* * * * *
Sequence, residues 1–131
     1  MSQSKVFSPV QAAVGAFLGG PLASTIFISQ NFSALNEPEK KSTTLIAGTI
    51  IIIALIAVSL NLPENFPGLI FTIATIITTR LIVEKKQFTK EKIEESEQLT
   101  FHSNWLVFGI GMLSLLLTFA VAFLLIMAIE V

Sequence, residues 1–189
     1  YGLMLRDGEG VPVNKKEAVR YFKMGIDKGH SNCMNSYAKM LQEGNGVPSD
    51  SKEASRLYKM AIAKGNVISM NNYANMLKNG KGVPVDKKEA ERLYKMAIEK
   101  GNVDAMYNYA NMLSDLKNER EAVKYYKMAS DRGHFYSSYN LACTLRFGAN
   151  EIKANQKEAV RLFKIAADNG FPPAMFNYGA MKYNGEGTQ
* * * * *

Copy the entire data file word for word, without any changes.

Sequence, residues 1–131
     1  MSQSKVFSPV QAAVGAFLGG PLASTIFISQ NFSALNEPEK KSTTLIAGTI
    51  IIIALIAVSL NLPENFPGLI FTIATIITTR LIVEKKQFTK EKIEESEQLT
   101  FHSNWLVFGI GMLSLLLTFA VAFLLIMAIE V

Sequence, residues 1–189
     1  YGLMLRDGEG VPVNKKEAVR YFKMGIDKGH SNCMNSYAKM LQEGNGVPSD
    51  SKEASRLYKM AIAKGNVISM NNYANMLKNG KGVPVDKKEA ERLYKMAIEK
   101  GNVDAMYNYA NMLSDLKNER EAVKYYKMAS DRGHFYSSYN LACTLRFGAN
   151  EIKANQKEAV RLFKIAADNG FPPAMFNYGA MKYNGEGTQ